Article Text


Cellular studies in obstructive lung disease
S53 Alarmins in bronchiolitis obliterans syndrome after lung transplantation
  1. R Y Mahida1,
  2. M Suwara1,
  3. G Johnson2,
  4. D Mann1,
  5. P A Corris2,
  6. L Borthwick1,
  7. A J Fisher2
  1. 1Tissue Fibrosis and Repair Group, Institute of Cellular Medicine, Newcastle University, Newcastle-Upon-Tyne, UK
  2. 2Institute of Transplantation, Freeman Hospital, Newcastle-Upon-Tyne, UK


Introduction Survival after lung transplantation is limited to a median of 5-year due to development of bronchiolitis obliterans syndrome (BOS). BOS is the clinical manifestation of chronic allograft dysfunction, characterised by inflammation and fibrosis of small/medium-sized airways leading to airflow obstruction. Numerous insults to the transplanted lungs have been associated with BOS development. Alarmins are cell derived danger signals released from damaged tissue which activate innate and adaptive immune responses. We hypothesised that the release of alarmins into the airway compartment after lung transplantation may contribute to BOS pathogenesis.

Methods A retrospective longitudinal study of 52 lung transplant recipients from 2005 to present was performed (26 recipients developed BOS; 26 remained free from BOS). All recipients had lung function and bronchoalveolar lavage (BAL) performed at 1, 3, 6 and 12 months post transplant. Further samples were taken if the diagnostic criteria for BOS were fulfilled. A total of 214 BAL samples were analysed by ELISA for the alarmins Interleukin-1a (IL-1a) and High Motility Group-Box1 (HMG-B1). Data were analysed using Mann–Whitney tests.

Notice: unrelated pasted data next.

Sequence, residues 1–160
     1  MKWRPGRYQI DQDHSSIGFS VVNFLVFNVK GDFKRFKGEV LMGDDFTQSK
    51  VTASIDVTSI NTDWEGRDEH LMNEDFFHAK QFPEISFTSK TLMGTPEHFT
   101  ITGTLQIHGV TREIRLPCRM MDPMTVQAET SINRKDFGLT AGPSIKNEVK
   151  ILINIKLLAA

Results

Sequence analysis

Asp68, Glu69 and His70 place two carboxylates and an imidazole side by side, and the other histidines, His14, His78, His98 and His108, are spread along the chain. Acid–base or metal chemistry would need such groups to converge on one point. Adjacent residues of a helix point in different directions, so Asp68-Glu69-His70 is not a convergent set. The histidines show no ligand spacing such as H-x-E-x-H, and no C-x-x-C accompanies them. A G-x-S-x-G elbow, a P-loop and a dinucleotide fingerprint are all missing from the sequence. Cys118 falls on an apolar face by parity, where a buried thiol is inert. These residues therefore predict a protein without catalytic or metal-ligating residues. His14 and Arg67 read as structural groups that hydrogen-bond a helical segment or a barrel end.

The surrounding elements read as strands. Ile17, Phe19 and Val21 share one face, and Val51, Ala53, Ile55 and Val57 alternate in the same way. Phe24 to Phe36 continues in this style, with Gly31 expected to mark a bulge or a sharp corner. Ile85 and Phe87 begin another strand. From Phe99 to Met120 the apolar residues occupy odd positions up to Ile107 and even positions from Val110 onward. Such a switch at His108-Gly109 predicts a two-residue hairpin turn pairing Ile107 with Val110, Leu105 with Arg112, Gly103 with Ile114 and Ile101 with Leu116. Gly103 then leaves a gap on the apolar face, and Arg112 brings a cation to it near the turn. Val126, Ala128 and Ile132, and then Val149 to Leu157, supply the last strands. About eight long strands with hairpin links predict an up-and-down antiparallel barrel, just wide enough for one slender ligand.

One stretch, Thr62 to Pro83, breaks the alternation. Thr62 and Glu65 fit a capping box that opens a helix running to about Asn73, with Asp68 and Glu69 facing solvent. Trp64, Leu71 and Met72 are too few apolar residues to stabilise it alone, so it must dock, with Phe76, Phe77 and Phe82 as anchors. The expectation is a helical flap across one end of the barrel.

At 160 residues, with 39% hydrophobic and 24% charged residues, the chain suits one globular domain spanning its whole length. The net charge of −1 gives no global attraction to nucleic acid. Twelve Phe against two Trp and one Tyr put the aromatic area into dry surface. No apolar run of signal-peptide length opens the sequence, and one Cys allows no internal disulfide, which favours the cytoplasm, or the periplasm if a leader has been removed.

Results Both BOS and non-BOS recipients with culture positive BAL samples had significantly higher concentrations of IL-1a and HMG-B1 than culture negative samples. Due to the confounding effect of infection, our analysis excluded 90 BAL samples with positive cultures. Concentrations of IL-1a were significantly higher in culture negative BAL from BOS patients (median 2.411, range [AJF1] 0.073–19.078 pg/ml) than from Non-BOS patients (median 1.424, range [AJF2] 1.159–17.41 pg/ml; p=0.001). No significant difference in HMG-B1 concentrations between the two groups was observed (BOS median 58.906, range 0–197.5; Non-BOS median 76.25, range 0–211.563 ng/ml; p=0.2378). Longitudinal measurements of IL-1a in BOS patients showed significantly higher levels 3 months before or after BOS diagnosis (median 3.935, range 1.122–13.544 pg/ml), compared to >3 months before BOS diagnosis (median 2.015, range 0.073–14.669 pg/ml; p=0.0153). There was no such difference in HMG-B1 concentrations (p=0.9164).

Conclusions An increase in the alarmin IL-1a, but not HMG-B1, is associated with BOS development. The cellular source of IL-1a requires further evaluation but may be a marker of airway epithelial injury and/or play a mechanistic role in BOS development via its secretion by other cell types.

Abstract S53 Figure 1

IL-1a assay on culture negative BAL samples.

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